Sustainability – Elemental Recycled Products

Sustainability

The More You Know, The More You Roll

Learning more about the recycling process empowers you to make the most informed consumer choice possible and participate in Elemental’s sustainable mission. Let us take you through our process.

How Toilet Paper is Made

Step 1: Recyclable Rubbish is collected from homes and business

There are various ways for recycling to be collected in the United States. In some communities, curbside collection of recycling is provided by the local government. In other communities, residents must subscribe to a local service to have their recyclable rubbish collected or take their recyclables to a local drop-off point. Encouragingly, 94% of the US population has some type of recycling program available to them, 73% of the US population has a curbside collection program available to them, and 53% of the US population has curbside recycling “automatically” provided at their home (source). Despite these strides in improving access to recycling, only 40% of everything that could be recycled is recycled. The rest ends up in landfills and is lost.

Another encouraging fact is approximately 45 million tons of paper are recycled in the US annually. This collected waste generates the 80% post-consumer material that makes up Elemental toilet paper products.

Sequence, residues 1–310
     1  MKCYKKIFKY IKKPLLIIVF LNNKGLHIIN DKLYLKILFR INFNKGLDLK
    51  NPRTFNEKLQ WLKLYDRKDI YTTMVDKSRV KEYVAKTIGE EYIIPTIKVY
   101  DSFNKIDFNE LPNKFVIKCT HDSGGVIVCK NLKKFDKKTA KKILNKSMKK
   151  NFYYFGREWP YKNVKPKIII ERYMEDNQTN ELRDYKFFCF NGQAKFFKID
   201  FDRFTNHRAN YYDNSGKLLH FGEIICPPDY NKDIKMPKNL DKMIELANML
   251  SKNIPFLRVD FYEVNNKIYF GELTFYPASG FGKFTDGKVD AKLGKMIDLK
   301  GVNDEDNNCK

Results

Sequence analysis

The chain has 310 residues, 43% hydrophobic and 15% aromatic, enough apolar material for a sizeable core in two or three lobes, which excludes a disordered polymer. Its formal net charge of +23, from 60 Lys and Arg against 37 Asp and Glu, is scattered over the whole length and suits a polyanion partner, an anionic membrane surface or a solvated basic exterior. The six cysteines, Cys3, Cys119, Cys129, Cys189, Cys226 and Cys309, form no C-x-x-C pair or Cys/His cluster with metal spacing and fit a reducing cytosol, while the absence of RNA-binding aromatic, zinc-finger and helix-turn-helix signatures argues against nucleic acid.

Step 2: Rubbish is sorted into group like paper, plastic, and metal at a recycling facility

Once collected, the waste is taken to a MRF, a Material Recovery Facility. There material can either be hand sorted or mechanically-sorted into sub-groupings.

Through hand-sorting methods, paper is generally sorted into 2 main groups before being recycled: OCC (heavier cardboard goods) and softer, more pliable grades of paper.

For an automated sorter, the process can be much more precise. These machines can electronically detect different paper densities, weights, sizes, and even color.

Step 3: Used paper is broken down into pulp at a paper mill

Once sorted, non-contaminated paper material is then broken down into pieces or “chipped” to make it ready to mix into the greater pulp vats with a combination of water and chemical softeners. Manufacturers can choose to mix this starter pulp with either “virgin” material”--that is material that comes directly from harvested trees, or pre-consumer material.

Pre-consumer material is any paper product that has been manufactured, but never went to market due to minor defects like denting, misprinting, or incorrect shaping. It behaves like virgin material because it has not made its way to homes and offices.

The remaining 20% of Elemental’s tissue paper not made from POST-CONSUMER material comes from PRE-CONSUMER material. Salvaging this material reduces would-be waste and provides a secondary material stream for paper manufacturers.

Elemental is especially proud of the math that keeps us tethered to our mission. It’s what sets us apart in an industry striving for higher sustainable standards.

80% Post-consumer + 20% Pre-consumer=100% recyclable material tissue product

Step 4: Pulp is turned into toilet paper at our manufacturing facility